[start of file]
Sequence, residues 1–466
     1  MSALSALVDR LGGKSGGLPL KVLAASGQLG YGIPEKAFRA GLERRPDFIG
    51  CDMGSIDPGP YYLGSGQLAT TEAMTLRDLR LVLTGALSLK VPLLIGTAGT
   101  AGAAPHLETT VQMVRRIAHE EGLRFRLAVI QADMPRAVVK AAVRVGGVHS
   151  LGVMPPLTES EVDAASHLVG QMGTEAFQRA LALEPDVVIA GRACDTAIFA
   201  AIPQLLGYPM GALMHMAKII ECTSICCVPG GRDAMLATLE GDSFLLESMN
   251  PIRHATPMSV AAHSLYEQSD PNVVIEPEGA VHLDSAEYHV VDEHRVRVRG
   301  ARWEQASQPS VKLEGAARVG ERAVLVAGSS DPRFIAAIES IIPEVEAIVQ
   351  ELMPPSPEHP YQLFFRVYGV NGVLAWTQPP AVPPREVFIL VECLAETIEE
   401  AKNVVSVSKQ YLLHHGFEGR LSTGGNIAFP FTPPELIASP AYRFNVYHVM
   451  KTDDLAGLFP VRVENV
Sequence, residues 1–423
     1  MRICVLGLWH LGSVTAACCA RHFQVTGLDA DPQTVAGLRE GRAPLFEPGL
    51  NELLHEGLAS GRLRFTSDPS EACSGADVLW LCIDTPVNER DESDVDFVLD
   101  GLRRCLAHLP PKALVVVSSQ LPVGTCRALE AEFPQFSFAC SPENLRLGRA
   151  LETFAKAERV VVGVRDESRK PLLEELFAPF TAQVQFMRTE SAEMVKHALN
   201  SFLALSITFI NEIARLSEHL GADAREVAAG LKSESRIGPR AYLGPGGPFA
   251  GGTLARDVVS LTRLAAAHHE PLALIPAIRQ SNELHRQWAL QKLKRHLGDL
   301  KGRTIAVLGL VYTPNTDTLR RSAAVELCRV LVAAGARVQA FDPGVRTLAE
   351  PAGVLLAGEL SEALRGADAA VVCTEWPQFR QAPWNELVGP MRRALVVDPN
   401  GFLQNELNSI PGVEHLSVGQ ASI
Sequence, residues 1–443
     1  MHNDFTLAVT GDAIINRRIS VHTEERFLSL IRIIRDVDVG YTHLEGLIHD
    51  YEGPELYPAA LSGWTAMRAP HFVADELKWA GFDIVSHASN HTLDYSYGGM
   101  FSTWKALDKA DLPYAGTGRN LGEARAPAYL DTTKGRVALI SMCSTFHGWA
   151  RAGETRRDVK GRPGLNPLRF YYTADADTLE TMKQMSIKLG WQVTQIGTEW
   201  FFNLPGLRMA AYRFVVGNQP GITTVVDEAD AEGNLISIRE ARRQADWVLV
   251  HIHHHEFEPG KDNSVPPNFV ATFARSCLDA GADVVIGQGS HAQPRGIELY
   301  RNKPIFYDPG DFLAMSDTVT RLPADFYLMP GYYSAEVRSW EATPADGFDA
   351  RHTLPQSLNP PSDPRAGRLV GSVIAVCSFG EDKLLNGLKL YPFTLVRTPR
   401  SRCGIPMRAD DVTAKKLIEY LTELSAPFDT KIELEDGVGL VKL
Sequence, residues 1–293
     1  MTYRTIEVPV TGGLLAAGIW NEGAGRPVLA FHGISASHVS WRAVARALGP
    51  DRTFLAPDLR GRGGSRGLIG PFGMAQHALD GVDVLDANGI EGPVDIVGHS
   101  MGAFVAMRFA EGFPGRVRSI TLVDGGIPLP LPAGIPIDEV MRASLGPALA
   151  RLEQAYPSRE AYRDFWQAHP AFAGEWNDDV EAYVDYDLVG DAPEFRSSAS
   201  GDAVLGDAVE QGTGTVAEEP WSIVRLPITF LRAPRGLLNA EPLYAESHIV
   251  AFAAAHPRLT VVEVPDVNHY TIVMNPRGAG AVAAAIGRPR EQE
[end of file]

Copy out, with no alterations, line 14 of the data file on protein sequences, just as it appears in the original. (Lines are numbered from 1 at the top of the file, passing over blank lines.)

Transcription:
    51  NELLHEGLAS GRLRFTSDPS EACSGADVLW LCIDTPVNER DESDVDFVLD